On a milestone afternoon, Deane, who famously scored the first-ever goal in the Premier League, for Sheffield United against Manchester United at Bramall Lane in August 1992, recalled: “It’s right up there, in terms of my career.
“Only a small band of players score four goals in a competitive league game and I’m glad I am among that group, and what it makes more impressive was that at the time I was 36 and most players probably retire at 35. It showed I had a little bit left in the tank, although my team-mates probably had to put the ball just in front of me!
“I’ve scored a few hat-tricks – though I don’t know off the top of my head how many – but that was definitely the only time I got four and to do it in the Championship at my age then was a real achievement.
“It was a definite high and the pick-out moment in every way of my second time around at Leeds. I remember going home from the match absolutely buzzing in every way – like I was a 12-year-old kid! Beating a side 6-1 as well in a Championship game was an achievement anyway as it doesn’t happen very often.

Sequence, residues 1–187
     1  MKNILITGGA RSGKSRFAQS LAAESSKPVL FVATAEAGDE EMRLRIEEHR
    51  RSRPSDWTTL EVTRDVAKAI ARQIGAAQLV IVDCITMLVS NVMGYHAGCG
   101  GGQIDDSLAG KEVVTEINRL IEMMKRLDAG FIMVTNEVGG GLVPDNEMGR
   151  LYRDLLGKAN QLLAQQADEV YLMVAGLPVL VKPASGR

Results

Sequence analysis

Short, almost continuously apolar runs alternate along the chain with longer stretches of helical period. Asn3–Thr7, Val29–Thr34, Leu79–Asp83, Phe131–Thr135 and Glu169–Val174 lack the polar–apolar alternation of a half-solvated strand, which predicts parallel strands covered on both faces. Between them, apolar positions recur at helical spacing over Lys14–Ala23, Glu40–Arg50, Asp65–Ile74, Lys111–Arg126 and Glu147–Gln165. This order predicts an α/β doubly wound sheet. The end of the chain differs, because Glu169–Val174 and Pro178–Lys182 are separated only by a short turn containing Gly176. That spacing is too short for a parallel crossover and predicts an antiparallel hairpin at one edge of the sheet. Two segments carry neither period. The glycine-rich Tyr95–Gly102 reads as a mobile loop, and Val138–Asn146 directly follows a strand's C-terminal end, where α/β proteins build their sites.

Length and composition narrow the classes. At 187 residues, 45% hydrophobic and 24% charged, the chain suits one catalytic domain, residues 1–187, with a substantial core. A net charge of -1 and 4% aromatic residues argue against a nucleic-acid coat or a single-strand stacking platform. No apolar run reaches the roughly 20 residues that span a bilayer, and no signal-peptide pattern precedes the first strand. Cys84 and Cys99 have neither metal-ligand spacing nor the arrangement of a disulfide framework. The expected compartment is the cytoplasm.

“I think I had a few drinks and celebrated that night. It’s not often those moments come along.
“The ball is still somewhere (at home), but I don’t know where!”
The handsome win was made all the more remarkable given that 19th-placed United went into the fixture on the back of a poor run of one win in seven matches and seeking to avoid a third successive home reverse with the vultures circling.
The disquiet among home supporters was further heightened by the sight of fifth-placed Rangers taking the lead through Gareth Ainsworth’s 25-yard stunner to deflate the majority of the 29,739 crowd.
But, in the blink of an eye, David Healy levelled before Deane tapped in to make it 2-1 after just 13 minutes.
Ten minutes later, Jermaine Wright added another before a quick-fire close-range double just before the break from Deane ended the match as a serious contest. And the local lad added another after the break for rampant United – for whom Healy also missed a penalty.